I have a rather mature system for organizing my photos because I have been photographing much longer than I’ve been shooting video. I never really had a desire to film before I had super cute kids running around. Combine cute kids with an amazing 1080p video camera in my pocket disguised as a phone, and all of a sudden I have a mountain of priceless videos that need organizing1.
My initial approach to organizing my movies was heavily influenced by my photography workflow. I imported everything into Final Cut Pro X and tagged the files with the people that were in them. I had four Events per year: Winter, Spring, Summer, and Fall. After a few months of doing this, I discovered a fundamental flaw in this system: I don’t ever edit my movies, I just watch them. It’s not that Final Cut isn’t a great application for editing and organizing video — it’s simply that I don’t have any desire to spend the time cutting together home movies. I simply want to be able to browse them chronologically.
First, I shoot! Lots and lots of videos of my kids. So much video that it can quickly consume all the available space on a 32GB iPhone2. I treat my phone like I do any other digital camera: it’s a temporary holding ground for new footage/images I have captured to be moved to a more appropriate and permanent home as soon as possible. I don’t keep every video or photo I’ve ever shot on my phone3.
The best tool to use for getting video (and pictures too) off of your phone is Image Capture. Image Capture is a wonderful utility that comes with OS X and makes quick work of transferring files from a camera or memory card. It’s only shortcoming is that there is no way to sort by media type. I find my videos simply my sorting by size in decending order. This puts the large movie files at the top.
I select the movie files, then import them to a folder that Hazel is watching. Hazel is an amazingly powerful automation tool for OS X. Sorting movies is one very basic task I use it for. I have a rule assigned to the Movies folder that watches for Movie files, renames them to
YYYYMMDD_HH-MM-SS.mov, then sorts them into folders by year and quarter4.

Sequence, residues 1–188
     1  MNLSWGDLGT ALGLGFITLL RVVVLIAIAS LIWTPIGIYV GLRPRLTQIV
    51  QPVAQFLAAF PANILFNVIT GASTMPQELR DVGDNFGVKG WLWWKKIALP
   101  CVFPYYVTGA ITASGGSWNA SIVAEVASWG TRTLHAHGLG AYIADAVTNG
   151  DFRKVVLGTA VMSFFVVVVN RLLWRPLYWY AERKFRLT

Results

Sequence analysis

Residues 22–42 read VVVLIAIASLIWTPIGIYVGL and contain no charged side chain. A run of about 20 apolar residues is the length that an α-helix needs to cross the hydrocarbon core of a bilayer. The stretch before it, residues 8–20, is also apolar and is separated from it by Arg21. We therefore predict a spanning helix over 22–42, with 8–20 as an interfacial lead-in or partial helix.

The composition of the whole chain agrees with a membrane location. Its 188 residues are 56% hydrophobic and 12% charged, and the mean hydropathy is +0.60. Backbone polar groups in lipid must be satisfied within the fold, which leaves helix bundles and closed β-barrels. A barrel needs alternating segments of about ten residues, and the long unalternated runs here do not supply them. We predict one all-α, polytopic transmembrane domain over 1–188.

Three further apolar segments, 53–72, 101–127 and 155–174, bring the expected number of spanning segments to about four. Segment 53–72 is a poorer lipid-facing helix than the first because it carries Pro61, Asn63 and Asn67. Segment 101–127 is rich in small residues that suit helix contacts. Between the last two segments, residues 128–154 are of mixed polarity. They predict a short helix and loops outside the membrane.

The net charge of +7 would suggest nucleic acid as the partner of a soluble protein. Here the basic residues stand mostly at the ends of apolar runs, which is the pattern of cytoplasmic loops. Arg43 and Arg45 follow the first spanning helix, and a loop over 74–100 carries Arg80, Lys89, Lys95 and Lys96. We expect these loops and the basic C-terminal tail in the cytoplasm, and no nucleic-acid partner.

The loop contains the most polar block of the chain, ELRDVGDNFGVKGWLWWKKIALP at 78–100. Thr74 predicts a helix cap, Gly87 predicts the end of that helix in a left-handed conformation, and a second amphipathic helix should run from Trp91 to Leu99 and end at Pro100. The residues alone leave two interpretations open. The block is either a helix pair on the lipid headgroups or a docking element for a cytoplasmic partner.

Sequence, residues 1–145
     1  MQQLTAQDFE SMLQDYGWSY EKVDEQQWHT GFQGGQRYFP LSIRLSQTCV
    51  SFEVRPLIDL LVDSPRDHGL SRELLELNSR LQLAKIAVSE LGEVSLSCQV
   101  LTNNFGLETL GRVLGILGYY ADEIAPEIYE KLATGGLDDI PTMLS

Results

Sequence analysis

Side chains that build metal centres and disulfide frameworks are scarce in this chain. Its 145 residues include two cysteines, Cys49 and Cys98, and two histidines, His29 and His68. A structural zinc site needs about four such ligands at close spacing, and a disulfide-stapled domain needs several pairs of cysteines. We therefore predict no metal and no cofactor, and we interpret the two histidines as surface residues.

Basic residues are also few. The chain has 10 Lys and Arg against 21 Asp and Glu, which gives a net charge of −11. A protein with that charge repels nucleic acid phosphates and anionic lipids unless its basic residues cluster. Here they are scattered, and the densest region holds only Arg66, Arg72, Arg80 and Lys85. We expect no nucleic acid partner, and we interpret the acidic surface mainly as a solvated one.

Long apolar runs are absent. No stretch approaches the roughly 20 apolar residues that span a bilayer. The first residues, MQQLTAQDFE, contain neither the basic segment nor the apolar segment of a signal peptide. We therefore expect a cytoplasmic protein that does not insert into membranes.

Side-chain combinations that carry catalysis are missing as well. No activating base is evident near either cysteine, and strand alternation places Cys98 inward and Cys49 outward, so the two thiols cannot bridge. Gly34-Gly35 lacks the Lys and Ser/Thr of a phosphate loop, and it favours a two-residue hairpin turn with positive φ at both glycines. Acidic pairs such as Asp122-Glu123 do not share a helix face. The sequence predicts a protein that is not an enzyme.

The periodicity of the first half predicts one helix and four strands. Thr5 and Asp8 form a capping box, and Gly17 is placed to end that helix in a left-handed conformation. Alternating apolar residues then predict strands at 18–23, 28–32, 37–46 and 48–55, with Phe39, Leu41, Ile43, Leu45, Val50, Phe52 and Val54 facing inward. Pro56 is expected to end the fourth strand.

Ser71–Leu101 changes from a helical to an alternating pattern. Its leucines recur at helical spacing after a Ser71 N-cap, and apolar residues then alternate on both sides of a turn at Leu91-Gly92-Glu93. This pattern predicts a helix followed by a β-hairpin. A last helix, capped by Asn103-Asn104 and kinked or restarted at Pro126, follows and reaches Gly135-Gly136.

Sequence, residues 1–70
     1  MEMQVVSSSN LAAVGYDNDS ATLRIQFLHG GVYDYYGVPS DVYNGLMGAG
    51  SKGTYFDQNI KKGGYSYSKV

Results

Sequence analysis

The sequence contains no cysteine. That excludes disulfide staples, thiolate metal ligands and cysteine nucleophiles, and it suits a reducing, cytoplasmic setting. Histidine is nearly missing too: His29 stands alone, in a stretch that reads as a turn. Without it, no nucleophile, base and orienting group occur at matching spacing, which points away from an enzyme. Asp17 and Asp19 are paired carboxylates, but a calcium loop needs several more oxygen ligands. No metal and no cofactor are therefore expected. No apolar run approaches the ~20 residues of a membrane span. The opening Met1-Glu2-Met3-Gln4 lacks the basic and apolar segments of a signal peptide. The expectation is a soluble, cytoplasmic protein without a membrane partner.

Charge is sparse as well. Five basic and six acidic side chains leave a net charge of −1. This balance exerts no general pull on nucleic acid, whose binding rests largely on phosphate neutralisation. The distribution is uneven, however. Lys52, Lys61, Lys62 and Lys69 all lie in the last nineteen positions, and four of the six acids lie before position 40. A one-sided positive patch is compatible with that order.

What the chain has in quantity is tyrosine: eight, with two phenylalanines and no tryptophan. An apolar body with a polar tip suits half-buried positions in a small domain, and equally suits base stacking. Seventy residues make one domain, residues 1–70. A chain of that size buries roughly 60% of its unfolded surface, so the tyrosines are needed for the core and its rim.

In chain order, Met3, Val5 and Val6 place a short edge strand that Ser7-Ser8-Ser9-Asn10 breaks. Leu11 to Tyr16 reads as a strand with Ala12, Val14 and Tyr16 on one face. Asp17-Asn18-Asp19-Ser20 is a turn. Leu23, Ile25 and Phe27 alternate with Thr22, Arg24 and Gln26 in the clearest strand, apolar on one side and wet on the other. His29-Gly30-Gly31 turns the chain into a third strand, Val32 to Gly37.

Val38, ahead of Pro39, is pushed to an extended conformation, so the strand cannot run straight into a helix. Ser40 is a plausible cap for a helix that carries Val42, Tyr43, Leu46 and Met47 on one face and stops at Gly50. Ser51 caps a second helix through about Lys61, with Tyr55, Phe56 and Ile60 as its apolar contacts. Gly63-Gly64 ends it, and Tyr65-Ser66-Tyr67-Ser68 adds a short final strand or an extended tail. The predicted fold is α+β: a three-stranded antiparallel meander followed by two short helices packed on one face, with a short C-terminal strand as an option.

Once Hazel is done doing its magic, I get a nice and tidy folder that looks like this:
Once I am satisfied my movies are safely on my computer (and backuped up at least once), I delete them using Image Capture. This is the fastest way to delete lots of photos and/or videos from an iPhone or iPad. But be aware that deleting things using Image Capture is permanent. There is no way to get your files back once you delete them with Image Capture.
Access from anywhere
Now that I have these great videos neatly organized and stored on my home computer, how do I share them with friends and family when I’m out and about? Currently I’m using Plex Media Server with Plex for iOS to stream it directly to my iPhone. Plex running on my iMac will transcode the video on the fly to a smaller file size so that it can stream at a reasonable rate. I can then use AirPlay to share it to a TV if there is one available, or just view it directly on the device. The quality is lower than if I was playing the file directly from my device, but the ability to access my entire video library anywhere is worth the trade off.
I’m not crazy about this current setup — though it does work, my iMac is a 2007 vintage and works rather hard to dynamically transcode 1080p footage. Plus, having to leave my home computer on 24/7 simply because I may want to stream a video is not ideal either. Long term, I’d like to solve this problem with a Synology DiskStation and run Plex there or use DS video.
A Brief Note About Backups
A detailed description of my backup plan is a topic for another day. Briefly, my movies and pictures are copied to the internal drive of my iMac, backed up to Time Machine, Backblaze, and another drive using my rsync-time-machine script that gets rotated off-site on a weekly basis. Three copies of my precious data in three different places. This may sound a bit paranoid, but last September I came home to my iMac and all its backup drives covered in water. No one is immune to the unexpected.
And backing up!↩
Let’s not even talk about the pitifully small iCloud backup storage Apple provides, or the fact that you can’t even buy enough iCloud backup for a 64GB or 128GB device.↩
Picturelife is where I keep all my photos that my wife and I shoot. It’s what Photo Stream should be but isn’t. While Picturelife will also take video, I don’t want to use up all my space there so I use it solely for access to all my photos without eating up local space on my phone or encroaching on the free 5GB of iCloud backup.↩
I find months to be too many divisions per year to dig through. Four folders per year, roughly corresponding to seasons, is what I prefer. Feel free to adjust to your liking.↩